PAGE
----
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Oh come you home of Sunday3
When Ludlow streets are still,
and Ludlow bells are calling
To farm and lane and mill,
Or come you home of Monday When Ludlow market
And Ludlow chimes are playing
'The Conquoring Hero comes.'
And they do play that tune every Monday in the year,
and even now they are calling to farm and lane and mill. I've so much to tell you,
Dorothy, that I've simply run away from the task of doing it; I never ran such a
gauntlet of experiences. I draw a long
slgh sigh of
relief when I think I am to tell you them in Paris4.
we6 went directly to Chester7, lost our hearts to the place and stayed there five days. Then we coached fifty miles
to Shrewsbury8 and there saw how
"High the vanes of Shrewsbury gleam9
Islanded in Severn stream,
The bridges, from the steepled crest,
Cross the water east and west."
We sat for two sunsets on the very spot where he10 must have done it and watched the red
spee steeples in the clear green water which flows almost imperceptibly.
And what do you think was going on in the wide meadows on the other shore? Why boys
pere were playing foot-ball!
"Is foot ball
along the river shore?"
Well I guess yes. And we went to Shrewsbury jail. You remember
"They hang us now in Shrewsbury jail;12
The whistles blow so forlorn
And trains all night groan on the rail
To lads that die at morn."
Of course they do, for the jail, which is the
grewsome building 2
the hand of man ever made, is on a naked hill right over the switch yard and
station, so you see "forlorn" was not put there to rhyme with "morn." Somehow it
makes it all the greater to have it all true. When we
got into Shropshire we threw away our guide books and have blindly followed the
trail of the Shropshire Lad and he has lead us beside still waters and in green pastures13. Of course no one
in Shropshire has his books or ever heard of him, but we telegraphed his publisher14 for his address and will see him in
London15. I read the old files of the
county paper to where most of the verses first came out16.
I dont know when we shall leave here. Ludlow Castle17 in itself is enough to hold me forever. It is one of the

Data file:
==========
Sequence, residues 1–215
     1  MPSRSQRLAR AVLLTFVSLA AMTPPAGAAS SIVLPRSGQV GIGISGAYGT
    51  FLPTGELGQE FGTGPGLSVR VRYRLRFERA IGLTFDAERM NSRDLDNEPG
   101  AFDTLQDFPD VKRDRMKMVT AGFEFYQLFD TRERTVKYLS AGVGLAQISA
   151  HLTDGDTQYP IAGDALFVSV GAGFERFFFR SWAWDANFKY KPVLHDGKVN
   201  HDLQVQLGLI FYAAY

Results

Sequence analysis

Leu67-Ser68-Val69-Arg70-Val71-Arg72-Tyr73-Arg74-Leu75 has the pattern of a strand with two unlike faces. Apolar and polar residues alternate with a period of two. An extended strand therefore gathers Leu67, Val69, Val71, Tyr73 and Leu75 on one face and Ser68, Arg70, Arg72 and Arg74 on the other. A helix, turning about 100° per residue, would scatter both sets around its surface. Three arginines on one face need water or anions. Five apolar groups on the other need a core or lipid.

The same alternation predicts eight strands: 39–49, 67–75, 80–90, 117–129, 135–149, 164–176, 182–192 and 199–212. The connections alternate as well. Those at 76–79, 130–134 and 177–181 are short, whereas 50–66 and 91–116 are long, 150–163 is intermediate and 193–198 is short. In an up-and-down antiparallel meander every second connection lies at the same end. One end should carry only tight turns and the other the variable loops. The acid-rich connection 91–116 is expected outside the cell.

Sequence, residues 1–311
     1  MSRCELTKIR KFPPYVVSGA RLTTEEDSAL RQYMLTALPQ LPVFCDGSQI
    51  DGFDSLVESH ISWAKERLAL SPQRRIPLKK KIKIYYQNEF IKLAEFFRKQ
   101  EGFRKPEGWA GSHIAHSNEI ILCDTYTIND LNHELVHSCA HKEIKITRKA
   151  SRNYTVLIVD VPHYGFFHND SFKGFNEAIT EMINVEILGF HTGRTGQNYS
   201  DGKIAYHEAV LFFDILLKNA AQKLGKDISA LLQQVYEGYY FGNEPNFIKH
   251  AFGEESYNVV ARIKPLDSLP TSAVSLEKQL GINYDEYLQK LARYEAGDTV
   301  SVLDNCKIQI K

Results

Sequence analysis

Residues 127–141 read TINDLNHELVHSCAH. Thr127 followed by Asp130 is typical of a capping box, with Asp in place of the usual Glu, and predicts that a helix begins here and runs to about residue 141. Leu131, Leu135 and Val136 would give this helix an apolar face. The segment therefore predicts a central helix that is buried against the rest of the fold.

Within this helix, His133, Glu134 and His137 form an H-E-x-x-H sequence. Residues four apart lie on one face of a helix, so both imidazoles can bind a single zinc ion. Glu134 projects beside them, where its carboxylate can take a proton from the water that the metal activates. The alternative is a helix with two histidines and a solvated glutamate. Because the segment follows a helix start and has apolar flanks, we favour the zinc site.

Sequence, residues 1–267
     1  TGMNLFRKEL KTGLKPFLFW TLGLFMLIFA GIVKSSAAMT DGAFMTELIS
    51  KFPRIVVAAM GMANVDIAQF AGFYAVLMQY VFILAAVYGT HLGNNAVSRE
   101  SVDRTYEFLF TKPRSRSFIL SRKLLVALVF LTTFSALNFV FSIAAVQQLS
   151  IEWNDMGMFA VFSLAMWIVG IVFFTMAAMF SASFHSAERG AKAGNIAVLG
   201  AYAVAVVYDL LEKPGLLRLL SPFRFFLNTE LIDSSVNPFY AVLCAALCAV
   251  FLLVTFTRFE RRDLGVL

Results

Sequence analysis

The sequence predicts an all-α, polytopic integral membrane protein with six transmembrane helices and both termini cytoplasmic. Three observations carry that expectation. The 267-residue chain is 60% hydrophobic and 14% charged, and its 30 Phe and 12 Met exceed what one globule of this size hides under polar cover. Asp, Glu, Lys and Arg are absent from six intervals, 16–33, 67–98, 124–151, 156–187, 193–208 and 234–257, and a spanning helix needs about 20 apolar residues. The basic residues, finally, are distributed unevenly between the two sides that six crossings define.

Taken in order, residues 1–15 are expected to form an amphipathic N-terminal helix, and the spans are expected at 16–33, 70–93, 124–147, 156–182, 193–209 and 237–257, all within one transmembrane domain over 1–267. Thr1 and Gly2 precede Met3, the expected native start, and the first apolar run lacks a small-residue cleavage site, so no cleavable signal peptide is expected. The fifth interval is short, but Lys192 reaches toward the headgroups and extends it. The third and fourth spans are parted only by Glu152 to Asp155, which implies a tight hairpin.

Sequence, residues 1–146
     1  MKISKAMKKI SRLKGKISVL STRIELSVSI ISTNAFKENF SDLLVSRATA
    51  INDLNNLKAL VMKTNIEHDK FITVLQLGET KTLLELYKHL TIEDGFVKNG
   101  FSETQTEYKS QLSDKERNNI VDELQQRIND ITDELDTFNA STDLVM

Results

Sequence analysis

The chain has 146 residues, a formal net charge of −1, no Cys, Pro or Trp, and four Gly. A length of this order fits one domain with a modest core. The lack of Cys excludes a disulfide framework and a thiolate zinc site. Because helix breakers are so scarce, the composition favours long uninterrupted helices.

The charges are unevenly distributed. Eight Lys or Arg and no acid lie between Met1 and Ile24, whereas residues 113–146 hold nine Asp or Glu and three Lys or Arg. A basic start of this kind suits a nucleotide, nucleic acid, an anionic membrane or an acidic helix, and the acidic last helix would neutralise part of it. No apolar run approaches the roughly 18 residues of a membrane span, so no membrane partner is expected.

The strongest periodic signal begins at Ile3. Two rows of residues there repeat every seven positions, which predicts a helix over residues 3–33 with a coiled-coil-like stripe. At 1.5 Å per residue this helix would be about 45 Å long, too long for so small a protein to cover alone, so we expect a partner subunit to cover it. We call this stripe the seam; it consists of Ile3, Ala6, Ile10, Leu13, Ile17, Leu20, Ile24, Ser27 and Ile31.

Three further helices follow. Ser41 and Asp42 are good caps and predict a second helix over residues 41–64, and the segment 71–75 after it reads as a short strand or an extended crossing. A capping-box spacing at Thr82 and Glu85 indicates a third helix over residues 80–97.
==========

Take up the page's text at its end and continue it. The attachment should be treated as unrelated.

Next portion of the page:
most perfect Norman-Elizabethan compounds in England18 and one of the least visited. The history of the 3 place and the
magnitude of its interior together are enough to turn one daft. Is'nt it nice that Sir Philip Sidney19 grew
up and first wrote in Ludlow Castle when his
father20 held the Welsh border here for Elizabeth21? We have read those
two singing Shropshire Lads until our eyes are blinded and
our reason distraught. They are not so unalike, either. Yesterday we bribed the
keeper and climbed the circular stairway to the very top of the old Norman keep, and
their there, over ivy, ivy, ivy, walls and
walls, the ruined splendor of a thousand years, all
on the topmost turrets, a thousand scarlet poppies flaunted their color and nodded
and balanced themselves in the wind.
When ages old remind me22
How much hath gone for naught,
What wretched ghost remaineth
Of all that flesh hath wrought;
Of love and song and warring,
Of ádventure and play,
Of art and comely building,
Of faith and form and fray,
I'll mind the flowers of pleasure, Of short-lived youth and sleep That drank the sunny weather A-top of Ludlow keep. I've been madly a-doing those poppies in every metre I know ever since I saw them, and all are alike unsuccessful. We are stopping at the most beautiful old hotel23 in the world, which was for three hundred years the over-flow house to the Castle, all black oak and diamond windows and that. We are going to bicycle to Wenlock Edge this afternoon, "Oh tarnish late on Wenlock edge"24 etc. I'll not quit Shropshire till I know every name he uses. They are just making hay now, too, and I think I might almost find Maurice behind the mows25 somewhere. I hope to find letters in London telling me when to meet you in Paris. To meet you at last, and tell you everything!